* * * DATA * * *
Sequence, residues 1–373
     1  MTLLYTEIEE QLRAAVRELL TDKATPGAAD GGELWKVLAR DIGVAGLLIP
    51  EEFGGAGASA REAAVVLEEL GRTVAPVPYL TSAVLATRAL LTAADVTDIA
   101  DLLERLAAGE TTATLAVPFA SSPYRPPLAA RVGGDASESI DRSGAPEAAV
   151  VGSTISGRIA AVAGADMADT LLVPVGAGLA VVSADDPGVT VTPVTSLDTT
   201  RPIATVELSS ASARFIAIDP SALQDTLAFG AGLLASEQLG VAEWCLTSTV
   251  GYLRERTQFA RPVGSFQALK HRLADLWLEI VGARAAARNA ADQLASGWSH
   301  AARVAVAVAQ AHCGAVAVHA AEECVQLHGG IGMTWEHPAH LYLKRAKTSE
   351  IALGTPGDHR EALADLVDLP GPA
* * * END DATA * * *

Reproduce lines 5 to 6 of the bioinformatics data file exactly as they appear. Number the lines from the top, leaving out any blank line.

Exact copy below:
   151  VGSTISGRIA AVAGADMADT LLVPVGAGLA VVSADDPGVT VTPVTSLDTT
   201  RPIATVELSS ASARFIAIDP SALQDTLAFG AGLLASEQLG VAEWCLTSTV